Secondary issuances of debt securities[6]

While secondary issuances of equity can avail themselves of the short-form prospectus regime, frequent issuers of debt securities may now benefit from the specific disclosure regime under Appendix XIII as regards description of such issuers. 

Disclosure of financial information

An issuer of debt securities may benefit from an exemption to include financial information in the prospectus, where it: (i) is a wholly owned subsidiary; and (ii) issues securities that are unconditionally and irrevocably guaranteed by the issuer’s holding company or equivalent arrangements are in place; and (iii) has its accounts included in the consolidated accounts of its holding company; and (iv) provides a statement in the prospectus that non-disclosure of its own accounts would not be likely to mislead investors with regard to facts and circumstances that are essential for assessing the securities. However, information with respect to the guarantor needs to be included in the prospectus in accordance with the provisions set out above on “Guarantees”. 

Final terms

The new rules contain clarifications concerning final terms. The document commonly referred to as the final terms or pricing supplement shall typically contain information that relates to specific types of securities and underlying assets which have been foreseen in the base prospectus. Information about underlying assets that is not available at the time of approval of the base prospectus may be given in the final terms or pricing supplement if the disclosure items have been foreseen in the form of final terms or pricing supplement.

Other enhancements

The overhaul has also permitted to consolidate rules and guidelines scattered across different documents – for example, guidelines concerning review periods for prospectuses are now incorporated in the new rules.

The new changes to the rules, in particular the consolidation of the rules and new ‘building blocks’ approach, seem to offer greater clarity and improved usability.

The new rules have been aligned in several respects with recent regulatory changes. For example, there is no longer a need to include a tax disclosure/warning for debt securities (which is in line with the approach adopted by the European authorities for wholesale issuances under the Prospectus Regulation regime).

As a general comment, it is also worth mentioning that the rules applicable to admission to trading on the Euro MTF market have not been extended to incorporate some of the key novel requirements of the Prospectus Regulation (such as the new rules on risk factors or the new requirements on documents to be incorporated by reference).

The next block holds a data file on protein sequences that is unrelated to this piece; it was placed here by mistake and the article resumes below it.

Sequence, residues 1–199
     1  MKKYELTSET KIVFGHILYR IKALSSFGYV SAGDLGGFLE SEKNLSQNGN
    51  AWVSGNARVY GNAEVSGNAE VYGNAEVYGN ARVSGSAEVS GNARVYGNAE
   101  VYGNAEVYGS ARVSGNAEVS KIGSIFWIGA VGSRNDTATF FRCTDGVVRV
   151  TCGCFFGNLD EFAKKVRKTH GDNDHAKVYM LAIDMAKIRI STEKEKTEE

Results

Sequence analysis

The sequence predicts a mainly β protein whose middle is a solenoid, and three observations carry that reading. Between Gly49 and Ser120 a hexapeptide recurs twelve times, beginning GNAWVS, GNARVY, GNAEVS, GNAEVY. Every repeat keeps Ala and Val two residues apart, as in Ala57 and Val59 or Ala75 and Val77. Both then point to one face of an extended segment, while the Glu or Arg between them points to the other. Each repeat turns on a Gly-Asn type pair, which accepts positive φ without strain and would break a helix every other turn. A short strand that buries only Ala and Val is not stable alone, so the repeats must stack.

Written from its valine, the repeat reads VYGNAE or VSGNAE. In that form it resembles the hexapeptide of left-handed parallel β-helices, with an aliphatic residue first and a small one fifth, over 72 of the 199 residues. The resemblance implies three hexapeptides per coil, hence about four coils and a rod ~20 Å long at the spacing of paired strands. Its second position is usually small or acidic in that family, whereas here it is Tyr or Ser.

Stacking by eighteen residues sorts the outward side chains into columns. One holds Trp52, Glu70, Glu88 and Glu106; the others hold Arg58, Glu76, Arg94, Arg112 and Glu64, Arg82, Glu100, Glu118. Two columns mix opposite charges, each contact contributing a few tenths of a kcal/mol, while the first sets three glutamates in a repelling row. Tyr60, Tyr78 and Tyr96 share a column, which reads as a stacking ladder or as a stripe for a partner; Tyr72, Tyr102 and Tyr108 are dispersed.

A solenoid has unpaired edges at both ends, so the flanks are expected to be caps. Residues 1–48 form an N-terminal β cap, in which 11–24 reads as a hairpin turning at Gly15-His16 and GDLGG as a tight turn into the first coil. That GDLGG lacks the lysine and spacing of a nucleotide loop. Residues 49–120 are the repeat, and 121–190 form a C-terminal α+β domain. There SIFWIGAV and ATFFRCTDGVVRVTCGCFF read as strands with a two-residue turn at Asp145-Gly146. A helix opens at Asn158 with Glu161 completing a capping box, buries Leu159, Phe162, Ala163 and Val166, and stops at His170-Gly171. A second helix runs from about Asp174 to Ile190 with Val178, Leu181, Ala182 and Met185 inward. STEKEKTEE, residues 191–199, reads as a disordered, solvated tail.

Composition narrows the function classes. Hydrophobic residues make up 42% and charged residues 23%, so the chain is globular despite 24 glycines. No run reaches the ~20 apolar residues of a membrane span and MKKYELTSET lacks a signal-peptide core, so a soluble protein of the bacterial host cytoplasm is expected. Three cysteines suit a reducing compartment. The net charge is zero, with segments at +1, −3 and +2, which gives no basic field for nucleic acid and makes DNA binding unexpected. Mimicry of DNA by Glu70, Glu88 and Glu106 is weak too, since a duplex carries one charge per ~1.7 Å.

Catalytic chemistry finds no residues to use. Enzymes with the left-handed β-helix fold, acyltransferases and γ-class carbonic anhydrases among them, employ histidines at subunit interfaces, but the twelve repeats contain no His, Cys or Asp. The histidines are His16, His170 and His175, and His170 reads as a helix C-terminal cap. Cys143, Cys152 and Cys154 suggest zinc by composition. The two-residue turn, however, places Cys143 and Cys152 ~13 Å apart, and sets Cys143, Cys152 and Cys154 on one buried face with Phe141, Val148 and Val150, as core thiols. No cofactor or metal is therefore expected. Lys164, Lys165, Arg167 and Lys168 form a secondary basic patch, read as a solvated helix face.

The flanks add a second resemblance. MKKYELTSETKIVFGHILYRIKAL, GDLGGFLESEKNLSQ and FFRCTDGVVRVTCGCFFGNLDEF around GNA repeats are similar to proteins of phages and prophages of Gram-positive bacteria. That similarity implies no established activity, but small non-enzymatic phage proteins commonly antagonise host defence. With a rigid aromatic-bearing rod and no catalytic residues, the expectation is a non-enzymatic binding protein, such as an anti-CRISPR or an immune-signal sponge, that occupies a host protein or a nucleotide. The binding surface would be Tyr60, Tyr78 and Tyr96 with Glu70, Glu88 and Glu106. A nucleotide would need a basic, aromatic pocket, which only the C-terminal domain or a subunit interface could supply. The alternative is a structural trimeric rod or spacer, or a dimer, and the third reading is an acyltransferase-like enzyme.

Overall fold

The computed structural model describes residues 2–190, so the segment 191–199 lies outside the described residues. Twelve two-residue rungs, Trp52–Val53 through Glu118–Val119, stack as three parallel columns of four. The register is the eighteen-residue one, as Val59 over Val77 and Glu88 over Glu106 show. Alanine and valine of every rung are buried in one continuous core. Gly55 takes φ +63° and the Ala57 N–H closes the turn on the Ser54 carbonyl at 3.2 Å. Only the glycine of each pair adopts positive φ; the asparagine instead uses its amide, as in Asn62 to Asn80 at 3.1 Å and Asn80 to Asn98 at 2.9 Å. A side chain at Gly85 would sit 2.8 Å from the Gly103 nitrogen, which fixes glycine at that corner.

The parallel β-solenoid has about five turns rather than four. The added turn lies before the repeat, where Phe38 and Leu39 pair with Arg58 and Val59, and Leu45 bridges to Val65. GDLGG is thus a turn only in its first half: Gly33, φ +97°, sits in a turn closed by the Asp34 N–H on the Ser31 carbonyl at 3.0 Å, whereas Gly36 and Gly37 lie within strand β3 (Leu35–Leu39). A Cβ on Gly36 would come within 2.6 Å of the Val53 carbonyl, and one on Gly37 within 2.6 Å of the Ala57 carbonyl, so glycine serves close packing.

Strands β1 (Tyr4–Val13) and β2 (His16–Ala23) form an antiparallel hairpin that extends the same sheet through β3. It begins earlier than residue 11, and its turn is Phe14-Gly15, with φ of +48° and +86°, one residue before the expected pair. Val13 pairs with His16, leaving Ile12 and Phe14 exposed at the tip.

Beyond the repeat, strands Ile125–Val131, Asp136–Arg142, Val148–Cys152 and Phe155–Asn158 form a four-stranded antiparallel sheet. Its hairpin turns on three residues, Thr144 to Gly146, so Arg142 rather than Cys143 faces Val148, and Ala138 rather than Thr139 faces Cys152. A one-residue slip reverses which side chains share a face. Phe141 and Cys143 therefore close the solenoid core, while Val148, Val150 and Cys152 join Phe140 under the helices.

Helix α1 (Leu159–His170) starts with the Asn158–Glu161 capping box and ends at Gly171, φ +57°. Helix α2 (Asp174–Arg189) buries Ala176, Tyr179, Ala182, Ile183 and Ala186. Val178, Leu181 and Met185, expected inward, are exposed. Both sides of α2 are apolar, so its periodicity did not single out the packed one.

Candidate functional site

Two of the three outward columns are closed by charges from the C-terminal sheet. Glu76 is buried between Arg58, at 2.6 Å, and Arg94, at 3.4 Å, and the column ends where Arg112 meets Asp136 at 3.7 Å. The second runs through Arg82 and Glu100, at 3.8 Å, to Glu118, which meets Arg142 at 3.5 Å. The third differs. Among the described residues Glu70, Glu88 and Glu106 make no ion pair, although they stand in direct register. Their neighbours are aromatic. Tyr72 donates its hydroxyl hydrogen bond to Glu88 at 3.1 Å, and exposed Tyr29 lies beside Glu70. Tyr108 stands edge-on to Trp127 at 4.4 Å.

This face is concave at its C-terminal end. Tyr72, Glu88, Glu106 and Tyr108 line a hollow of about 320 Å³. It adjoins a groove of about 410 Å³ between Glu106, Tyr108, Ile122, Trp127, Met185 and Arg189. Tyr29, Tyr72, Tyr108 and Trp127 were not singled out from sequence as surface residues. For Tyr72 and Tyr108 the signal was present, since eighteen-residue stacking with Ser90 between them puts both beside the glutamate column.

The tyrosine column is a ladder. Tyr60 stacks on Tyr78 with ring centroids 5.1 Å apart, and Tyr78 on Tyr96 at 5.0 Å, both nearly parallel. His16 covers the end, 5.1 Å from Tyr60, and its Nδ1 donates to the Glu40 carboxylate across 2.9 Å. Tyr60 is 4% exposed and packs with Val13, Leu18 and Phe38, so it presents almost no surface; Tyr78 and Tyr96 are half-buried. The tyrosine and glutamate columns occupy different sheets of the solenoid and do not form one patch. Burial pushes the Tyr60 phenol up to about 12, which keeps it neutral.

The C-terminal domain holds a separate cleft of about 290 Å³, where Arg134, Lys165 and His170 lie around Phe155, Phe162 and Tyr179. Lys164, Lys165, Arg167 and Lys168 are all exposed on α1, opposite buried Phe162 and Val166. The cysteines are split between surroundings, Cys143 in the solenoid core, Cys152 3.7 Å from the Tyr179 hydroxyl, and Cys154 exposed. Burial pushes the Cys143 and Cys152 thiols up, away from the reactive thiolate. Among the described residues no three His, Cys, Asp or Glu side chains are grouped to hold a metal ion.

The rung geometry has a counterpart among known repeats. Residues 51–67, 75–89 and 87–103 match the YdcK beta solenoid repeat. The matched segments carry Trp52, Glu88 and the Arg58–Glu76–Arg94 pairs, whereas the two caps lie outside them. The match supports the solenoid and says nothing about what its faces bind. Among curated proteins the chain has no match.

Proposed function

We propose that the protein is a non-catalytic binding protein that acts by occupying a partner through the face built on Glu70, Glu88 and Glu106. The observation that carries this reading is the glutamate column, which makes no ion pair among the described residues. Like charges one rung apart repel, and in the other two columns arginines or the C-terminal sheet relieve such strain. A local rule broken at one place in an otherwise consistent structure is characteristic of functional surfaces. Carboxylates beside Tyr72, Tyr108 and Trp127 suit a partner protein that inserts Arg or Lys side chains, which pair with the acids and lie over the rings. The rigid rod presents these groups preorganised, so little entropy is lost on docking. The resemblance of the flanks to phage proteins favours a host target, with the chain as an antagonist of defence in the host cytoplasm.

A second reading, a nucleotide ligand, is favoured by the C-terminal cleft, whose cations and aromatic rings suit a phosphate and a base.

2. Changes to the Luxembourg Regime for ‘Alleviated Prospectuses’

The rules of the Luxembourg Stock Exchange also set out conditions for the drawing up of the prospectuses for admission of securities to the regulated market of the Luxembourg Stock Exchange but which are not covered by the Prospectus Regulation (such as money market instruments or issuers guaranteed by EU Member States or their regional/local authorities). For this type of issuance, the new rules only require the approval of a short-form prospectus prepared in accordance with the provisions of Appendix XIV.

3. Changes to application process (new KYC/AML requirements)

New issuers[7] applying for listing and/or an admission of securities to trading on either the regulated market or the Euro MTF market of the Luxembourg Stock Exchange must provide relevant information to identify the issuer, its beneficial owner(s) and, where applicable, any related politically exposed person(s) who are involved. In this respect, a new ALM/KYC form needs to be submitted to the Luxembourg Stock Exchange in addition to the usual Application Form and the Letter of Undertaking.

For existing issuers, the Luxembourg Stock Exchange will require such information in the context of such issuer’s ongoing disclosure obligations.

Some entities, such as public international bodies, are exempt from these new AML/KYC obligations.

More information and respective AML/KYC forms are available from the following section of the Luxembourg Stock Exchange website:

If you would like to discuss the issues raised in this paper in more detail, please contact any of the experts tagged to this page or your usual Allen & Overy contact.



  1. Regulation 1129/2017 of the European Parliament and of the Council of 14 June 2017 on the prospectus to be published when securities are offered to the public or admitted to trading on a regulated market, and repealing Directive 2003/71/EC (the Prospectus Regulation).
  2. Regime available under previous rules for issuances of debt securities subscribed by a limited number of investors who are particularly knowledgeable in investment matters (notably for Eurobonds).
  3. Information on business overview, organisational structure and information on administrative, management or supervisory bodies. In the case of an equity issuer, in addition to the aforementioned requirements, information on shares and major shareholders has been waived.
  4. There is no obligation to publish a prospectus or short-form prospectus for secondary issuances of any securities (debt or equity) fungible with securities already admitted to trading on the Euro MTF market, provided that they represent, over a period of 12 months, less than 20% of the number of securities already admitted to trading on the Euro MTF market.
  5. “Credit institution” means any financial institution as defined in Article 3(1) of the Directive 2013/36/EU of the European Parliament and of the Council of 26 June 2013 on access to the activity of credit institutions and the prudential supervision of credit institutions and investment firms, as transposed into the Luxembourgish legal framework by the Law of 23 July 2015, as amended and with the exception of institutions referred to in Article 2(5) thereof. An issuer is deemed to make repeated issues if it carries out more than one issue during a period which covers its financial year.
  6. See footnote 4.
  7. The Luxembourg Stock Exchange considers as ‘new issuers’ those issuers applying for the listing and/or admission of securities to trading on one of the markets operated by it for the first time or those issuers who have not applied for the listing and/or admission to trading to one of the markets operated by it over a period of three years preceding the new application.